The incandescent light bulb, first invented by Thomas Edison over a century ago, has officially seen the end of its long run, as new regulations implemented by Congress phase out the manufacture and import of the popular item. The regulations were imposed in 2007 as part of the Energy Independence Act signed into law by President George W. Bush.
The new year brings a ban on 40-watt and 60-watt bulbs. The ban on 100-watt and 75-watt varieties had already been implemented.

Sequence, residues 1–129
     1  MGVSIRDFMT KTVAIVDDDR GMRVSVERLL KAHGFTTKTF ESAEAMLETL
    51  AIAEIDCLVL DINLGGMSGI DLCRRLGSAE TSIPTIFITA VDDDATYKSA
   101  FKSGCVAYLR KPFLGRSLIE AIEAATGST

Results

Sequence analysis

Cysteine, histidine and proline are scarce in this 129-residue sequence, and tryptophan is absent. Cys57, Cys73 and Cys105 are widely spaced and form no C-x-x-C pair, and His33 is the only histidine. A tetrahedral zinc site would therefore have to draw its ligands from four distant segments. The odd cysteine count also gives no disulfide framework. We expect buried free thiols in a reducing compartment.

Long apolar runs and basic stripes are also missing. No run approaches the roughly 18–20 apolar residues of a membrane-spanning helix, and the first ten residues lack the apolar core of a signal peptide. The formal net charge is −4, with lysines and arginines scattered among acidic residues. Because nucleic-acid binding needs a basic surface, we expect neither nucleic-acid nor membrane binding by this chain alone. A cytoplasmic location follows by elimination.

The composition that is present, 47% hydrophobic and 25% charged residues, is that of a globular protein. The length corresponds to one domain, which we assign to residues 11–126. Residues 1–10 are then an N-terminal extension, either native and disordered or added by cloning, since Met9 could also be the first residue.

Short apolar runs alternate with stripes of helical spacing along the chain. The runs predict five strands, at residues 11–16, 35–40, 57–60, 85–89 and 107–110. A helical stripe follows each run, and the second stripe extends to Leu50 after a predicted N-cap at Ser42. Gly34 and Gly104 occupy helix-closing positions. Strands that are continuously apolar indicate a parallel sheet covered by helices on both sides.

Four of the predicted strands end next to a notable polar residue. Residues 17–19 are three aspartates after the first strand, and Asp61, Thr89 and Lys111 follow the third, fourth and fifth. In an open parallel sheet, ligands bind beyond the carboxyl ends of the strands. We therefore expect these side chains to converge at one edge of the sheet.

The bulbs will replaced on the market by compact fluorescent (CFL) bulbs and “light-emitting diodes” (LEDs). The new bulbs last longer and use less energy, regulators say, which will help in the fight against carbon dioxide emissions.
The incandescent bulbs will not disappear overnight, however, as stores still have stocks of them on hand, which they are allowed to sell until they run out. One byproduct of the ban on incandescent bulbs is the closure of a GE factory in Virginia that employed 200 Americans. CFL and LEDs are mainly produced in China, critics note.